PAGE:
changes its opinions this way and that, and seems bereft of understanding.

So that what gives truth to the things known and the power to know
to the knower is the form of the Good. And though it is the cause of
knowledge and truth, it is also an object of knowledge. Both knowledge
and truth are beautiful things, but the Good is other and more beautiful
than they. In the visible realm, light and sight are rightly considered
sunlike, but it is wrong to think that they are the sun, so here it is right
to think of knowledge and truth as goodlike but wrong to think that either
of them is the Good—for the Good is yet more prized.
Republic VI:508c-509
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Re: Platonic traditions

Post by PuerAzaelis » Fri Apr 28, 2017 10:49 pm

Plato was a totalitarian. Read Karl Popper.
And nobody in all of Oz. No Wizard that there is or was.

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Re: Platonic traditions

Post by DNS » Sat Apr 29, 2017 12:15 am

PuerAzaelis wrote:Plato was a totalitarian. Read Karl Popper.
Plato was a totalitarian? Or was it some of his later readers / followers who interpreted his writings in that fashion for their own use?

How about a philosopher-king based on meritocracy? :stirthepot:

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Re: Platonic traditions

Post by Nicholas » Sat Apr 29, 2017 2:46 pm

PuerAzaelis wrote:Plato was a totalitarian. Read Karl Popper.
Or read criticism of Popper on Plato:
"Popper is committing a serious historical error in attributing the organic theory of the state to Plato and accusing him of all the fallacies of post-Hegelian and Marxist historicism—the theory that history is controlled by the inexorable laws governing the behavior of superindividual social entities of which human beings and their free choices are merely subordinate manifestations." Plato's Modern Enemies and the Theory of Natural Law, by John Wild, Chicago, 1964, The University of Chicago Press, 23.

See Also: "In spite of the high rating one must accord his initial intention of fairness, his hatred for the enemies of the 'open society,' his zeal to destroy whatever seems to him destructive of the welfare of mankind, has led him into the extensive use of what may be called terminological counterpropaganda ..." and "With a few exceptions in Popper's favor, however, it is noticeable that reviewers possessed of special competence in particular fields—and here Lindsay is again to be included—have objected to Popper's conclusions in those very fields ..." and "Social scientists and social philosophers have deplored his radical denial of historical causation, together with his espousal of Hayek's systematic distrust of larger programs of social reform; historical students of philosophy have protested his violent polemical handling of Plato, Aristotle, and particularly Hegel; ethicists have found contradictions in the ethical theory ('critical dualism') upon which his polemic is largely based." In Defense of Plato, by Ronald B. Levinson, New York, 1970, Russell and Russell, 20.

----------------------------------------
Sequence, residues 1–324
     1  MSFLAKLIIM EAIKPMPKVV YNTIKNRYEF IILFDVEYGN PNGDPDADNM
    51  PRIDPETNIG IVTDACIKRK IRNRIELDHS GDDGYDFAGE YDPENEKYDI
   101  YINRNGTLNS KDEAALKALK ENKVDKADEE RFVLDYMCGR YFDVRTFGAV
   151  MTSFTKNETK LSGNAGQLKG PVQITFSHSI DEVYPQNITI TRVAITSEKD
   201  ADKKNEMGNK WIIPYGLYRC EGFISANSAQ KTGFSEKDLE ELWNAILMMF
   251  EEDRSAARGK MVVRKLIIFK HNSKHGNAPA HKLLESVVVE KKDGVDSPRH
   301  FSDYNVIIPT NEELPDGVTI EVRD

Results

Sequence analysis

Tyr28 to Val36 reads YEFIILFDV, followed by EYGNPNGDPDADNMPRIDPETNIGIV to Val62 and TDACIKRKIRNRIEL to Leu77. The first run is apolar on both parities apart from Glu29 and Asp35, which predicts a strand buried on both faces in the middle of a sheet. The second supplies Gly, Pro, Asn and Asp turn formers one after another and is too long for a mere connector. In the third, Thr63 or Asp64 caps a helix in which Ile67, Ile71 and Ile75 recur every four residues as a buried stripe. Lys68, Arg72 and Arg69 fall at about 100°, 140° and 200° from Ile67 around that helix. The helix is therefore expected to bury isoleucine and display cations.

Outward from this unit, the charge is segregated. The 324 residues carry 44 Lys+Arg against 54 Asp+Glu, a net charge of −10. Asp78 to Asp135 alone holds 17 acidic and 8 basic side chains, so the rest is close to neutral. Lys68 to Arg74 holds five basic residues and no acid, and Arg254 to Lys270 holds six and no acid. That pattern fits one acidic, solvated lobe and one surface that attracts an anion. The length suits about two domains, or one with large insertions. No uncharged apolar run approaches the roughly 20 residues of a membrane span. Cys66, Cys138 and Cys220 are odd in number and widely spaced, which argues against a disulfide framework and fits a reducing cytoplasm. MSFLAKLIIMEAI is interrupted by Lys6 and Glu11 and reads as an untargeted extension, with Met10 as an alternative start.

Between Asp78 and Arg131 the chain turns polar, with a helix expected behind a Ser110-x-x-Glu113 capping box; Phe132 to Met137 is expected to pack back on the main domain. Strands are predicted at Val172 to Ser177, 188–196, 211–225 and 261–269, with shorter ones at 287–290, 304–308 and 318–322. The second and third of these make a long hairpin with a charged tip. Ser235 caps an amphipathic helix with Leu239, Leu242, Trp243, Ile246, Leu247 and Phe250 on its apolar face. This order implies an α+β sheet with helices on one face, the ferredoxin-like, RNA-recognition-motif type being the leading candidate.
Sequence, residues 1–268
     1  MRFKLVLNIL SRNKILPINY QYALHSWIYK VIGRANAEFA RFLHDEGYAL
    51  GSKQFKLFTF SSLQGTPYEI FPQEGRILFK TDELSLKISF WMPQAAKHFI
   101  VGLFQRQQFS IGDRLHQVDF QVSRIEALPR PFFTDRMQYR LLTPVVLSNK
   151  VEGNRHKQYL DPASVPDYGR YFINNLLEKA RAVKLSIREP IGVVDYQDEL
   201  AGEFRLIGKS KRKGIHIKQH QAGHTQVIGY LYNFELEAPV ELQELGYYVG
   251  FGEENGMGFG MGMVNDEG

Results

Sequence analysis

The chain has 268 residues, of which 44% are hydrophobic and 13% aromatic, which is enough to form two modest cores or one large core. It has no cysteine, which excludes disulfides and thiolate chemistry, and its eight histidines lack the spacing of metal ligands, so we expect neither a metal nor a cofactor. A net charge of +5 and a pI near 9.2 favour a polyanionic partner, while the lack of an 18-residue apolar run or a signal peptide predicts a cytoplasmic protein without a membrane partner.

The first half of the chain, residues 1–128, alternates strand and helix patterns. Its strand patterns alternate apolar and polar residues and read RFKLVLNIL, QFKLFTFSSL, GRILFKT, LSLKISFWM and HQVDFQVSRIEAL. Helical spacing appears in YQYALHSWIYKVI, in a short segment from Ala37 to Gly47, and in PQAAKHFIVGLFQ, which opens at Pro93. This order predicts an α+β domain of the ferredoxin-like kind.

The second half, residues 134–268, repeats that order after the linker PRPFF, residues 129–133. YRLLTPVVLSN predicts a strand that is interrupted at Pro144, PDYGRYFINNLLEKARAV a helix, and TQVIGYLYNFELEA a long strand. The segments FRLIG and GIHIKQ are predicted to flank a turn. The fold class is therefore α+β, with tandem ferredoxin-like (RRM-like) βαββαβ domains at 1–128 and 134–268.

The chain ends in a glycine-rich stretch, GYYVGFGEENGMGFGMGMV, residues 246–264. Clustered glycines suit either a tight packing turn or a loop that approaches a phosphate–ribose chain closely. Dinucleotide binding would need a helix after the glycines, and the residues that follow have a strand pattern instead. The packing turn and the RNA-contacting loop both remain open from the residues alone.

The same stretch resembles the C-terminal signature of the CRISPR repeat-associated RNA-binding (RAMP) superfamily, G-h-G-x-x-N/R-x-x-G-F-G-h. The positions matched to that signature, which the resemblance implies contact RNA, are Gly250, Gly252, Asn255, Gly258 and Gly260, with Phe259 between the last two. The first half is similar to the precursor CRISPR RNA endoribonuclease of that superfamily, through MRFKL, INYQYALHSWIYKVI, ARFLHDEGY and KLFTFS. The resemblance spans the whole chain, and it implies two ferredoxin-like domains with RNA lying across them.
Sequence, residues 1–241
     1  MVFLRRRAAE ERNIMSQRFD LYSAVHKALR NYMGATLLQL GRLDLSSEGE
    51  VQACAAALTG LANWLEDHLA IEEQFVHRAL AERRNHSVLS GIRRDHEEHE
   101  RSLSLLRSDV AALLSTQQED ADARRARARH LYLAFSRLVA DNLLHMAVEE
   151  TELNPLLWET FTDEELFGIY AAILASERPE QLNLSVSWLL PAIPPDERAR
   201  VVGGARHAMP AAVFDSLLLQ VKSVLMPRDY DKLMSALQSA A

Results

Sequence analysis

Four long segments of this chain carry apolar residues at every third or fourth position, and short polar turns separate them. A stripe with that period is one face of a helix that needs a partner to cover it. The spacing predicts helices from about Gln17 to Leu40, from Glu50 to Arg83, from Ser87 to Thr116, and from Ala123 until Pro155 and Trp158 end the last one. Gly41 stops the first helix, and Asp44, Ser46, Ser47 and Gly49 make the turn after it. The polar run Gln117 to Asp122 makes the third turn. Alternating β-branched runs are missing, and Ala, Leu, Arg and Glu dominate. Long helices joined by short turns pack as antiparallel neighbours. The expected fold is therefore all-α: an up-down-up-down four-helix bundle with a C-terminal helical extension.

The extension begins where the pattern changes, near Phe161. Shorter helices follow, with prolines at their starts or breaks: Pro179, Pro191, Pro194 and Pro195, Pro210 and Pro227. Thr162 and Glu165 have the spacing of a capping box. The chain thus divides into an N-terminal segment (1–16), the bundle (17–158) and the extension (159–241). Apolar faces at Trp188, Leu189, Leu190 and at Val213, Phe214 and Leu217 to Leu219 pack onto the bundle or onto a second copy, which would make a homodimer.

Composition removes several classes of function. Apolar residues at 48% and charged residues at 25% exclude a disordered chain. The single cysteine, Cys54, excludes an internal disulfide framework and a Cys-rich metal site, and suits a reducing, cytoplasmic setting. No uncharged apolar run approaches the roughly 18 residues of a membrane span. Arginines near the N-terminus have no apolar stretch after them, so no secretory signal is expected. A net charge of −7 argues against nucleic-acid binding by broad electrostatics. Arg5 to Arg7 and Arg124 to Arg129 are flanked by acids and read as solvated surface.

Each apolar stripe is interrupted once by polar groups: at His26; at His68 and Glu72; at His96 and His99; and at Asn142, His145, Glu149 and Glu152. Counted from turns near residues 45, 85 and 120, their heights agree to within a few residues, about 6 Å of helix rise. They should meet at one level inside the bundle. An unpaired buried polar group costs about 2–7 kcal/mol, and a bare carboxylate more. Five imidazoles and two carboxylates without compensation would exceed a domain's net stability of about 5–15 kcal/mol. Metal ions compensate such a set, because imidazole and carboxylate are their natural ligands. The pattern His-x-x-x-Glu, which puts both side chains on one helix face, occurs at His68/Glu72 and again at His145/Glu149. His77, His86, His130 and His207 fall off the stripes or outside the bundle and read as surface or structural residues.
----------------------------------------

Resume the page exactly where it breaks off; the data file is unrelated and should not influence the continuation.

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Re: Platonic traditions

Post by Nicholas » Fri May 12, 2017 12:11 am

It was the aim and purpose of the philosophic discipline to exalt man to God, and
this is effected by the revealing of the divinity in the human soul. There can be no speaking
of God perceptible except to a being of kindred nature to apprehend its purport. The first
lesson in philosophy and true spiritual experience accordingly inculcates this fact as the
initial truth to which all other truths are sequences.
Alexander Wilder
Wholesome virtuous behavior progressively leads to the foremost. -- Buddha

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Re: Platonic traditions

Post by Nicholas » Tue May 16, 2017 2:31 am

He who simply believes in things which seem difficult to be known,